In his explanation of our vote in favour of the Security Council resolution of 18th June, the United Kingdom representative referred to paragraph 12 of the Resolution which deals with the supply of arms to South Africa. He repeated that Her Majesty's Government's policy remains as previously stated, that is not to export to South Africa arms which would enable the policy of apartheid to be enforced. As regards Saracen armoured cars, I have nothing to add to what was said by my right hon. Friend the Prime Minister on 19th December.
Is not the attitude of Great Britain in this matter one of pure casuistry? Did not the resolution of 18th June, for which we voted, call on member States to stop the export not only of arms but of materials for the manufacture and maintenance of arms in South Africa? And did we not, as the Foreign Secretary said, pledge that we would stop the export of arms which would enable apartheid to be enforced? Are we not exporting spare parts for Saracen armoured cars at this moment? Are we not, therefore, showing a complete reluctance to do anything practical against apartheid?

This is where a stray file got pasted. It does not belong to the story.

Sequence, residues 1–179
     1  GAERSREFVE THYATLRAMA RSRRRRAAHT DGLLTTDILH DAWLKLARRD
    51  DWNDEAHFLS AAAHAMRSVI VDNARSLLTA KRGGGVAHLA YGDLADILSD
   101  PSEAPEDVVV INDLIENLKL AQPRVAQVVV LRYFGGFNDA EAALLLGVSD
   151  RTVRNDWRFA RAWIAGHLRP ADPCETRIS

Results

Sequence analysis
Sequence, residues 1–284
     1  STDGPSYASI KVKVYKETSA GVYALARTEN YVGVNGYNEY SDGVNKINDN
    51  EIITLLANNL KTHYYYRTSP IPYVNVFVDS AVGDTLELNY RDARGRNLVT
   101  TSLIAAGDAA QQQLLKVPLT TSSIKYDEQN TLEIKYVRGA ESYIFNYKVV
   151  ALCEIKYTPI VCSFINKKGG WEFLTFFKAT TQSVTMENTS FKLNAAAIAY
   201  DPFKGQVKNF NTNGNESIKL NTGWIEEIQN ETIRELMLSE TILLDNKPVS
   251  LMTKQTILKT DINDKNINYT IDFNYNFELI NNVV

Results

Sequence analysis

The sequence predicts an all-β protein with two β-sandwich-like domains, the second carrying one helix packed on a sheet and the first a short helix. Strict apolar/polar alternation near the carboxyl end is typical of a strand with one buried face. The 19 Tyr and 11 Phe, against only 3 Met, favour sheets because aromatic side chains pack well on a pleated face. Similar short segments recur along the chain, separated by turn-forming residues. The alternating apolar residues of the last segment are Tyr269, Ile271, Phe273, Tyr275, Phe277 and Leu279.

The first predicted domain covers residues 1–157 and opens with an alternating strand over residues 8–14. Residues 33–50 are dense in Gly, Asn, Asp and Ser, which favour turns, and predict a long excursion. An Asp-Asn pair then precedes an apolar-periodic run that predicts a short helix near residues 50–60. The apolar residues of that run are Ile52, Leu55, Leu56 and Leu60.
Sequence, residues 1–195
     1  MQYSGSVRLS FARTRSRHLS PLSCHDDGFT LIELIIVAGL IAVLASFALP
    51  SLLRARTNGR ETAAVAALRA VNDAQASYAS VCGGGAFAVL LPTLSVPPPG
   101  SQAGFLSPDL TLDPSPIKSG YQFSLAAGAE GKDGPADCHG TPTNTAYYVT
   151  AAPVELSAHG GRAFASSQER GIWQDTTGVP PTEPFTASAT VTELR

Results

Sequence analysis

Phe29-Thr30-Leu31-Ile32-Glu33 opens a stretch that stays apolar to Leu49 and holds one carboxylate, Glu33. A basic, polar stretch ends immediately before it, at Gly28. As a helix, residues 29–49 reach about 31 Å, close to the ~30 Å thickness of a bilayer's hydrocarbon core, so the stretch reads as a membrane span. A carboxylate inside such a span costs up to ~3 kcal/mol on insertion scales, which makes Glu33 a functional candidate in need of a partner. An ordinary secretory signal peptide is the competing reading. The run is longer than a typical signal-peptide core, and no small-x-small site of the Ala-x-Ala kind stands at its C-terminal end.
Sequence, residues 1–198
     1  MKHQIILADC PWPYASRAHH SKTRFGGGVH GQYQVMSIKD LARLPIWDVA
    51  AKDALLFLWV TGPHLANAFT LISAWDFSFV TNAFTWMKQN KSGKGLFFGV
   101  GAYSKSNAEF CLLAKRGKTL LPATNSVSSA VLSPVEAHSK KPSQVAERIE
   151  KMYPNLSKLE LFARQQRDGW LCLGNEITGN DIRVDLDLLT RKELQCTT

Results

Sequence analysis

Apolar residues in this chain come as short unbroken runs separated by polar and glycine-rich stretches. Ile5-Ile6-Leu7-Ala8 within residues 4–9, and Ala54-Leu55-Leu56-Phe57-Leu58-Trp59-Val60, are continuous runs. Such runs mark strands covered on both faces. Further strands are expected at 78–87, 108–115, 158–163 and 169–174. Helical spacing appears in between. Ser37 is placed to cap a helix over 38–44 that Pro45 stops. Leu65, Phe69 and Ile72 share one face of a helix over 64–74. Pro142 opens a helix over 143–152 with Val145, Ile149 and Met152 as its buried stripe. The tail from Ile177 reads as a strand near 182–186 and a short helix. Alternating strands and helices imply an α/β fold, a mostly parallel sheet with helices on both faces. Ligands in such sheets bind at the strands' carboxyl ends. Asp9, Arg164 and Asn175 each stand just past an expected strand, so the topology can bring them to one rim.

Does not the export of spare parts for Saracens show that the Government are sending munitions which could be used for the suppression of civil disorder in South Africa? Have the Government abandoned altogether their position that we send such arms as we send to South Africa under the Simonstown Agreement, and do they now rest solely on Article 51 of the United Nations Charter? If they do, it is very hard to square that policy with our vote at the United Nations.
There was an explanation of our vote at the United Nations on which I have given a full Answer in reply to the original Question. As for the Saracens, we do not intend to make any new contracts. We are simply fulfilling the existing contracts. As I added, all applications for spares are carefully scrutinised in the light of our policy.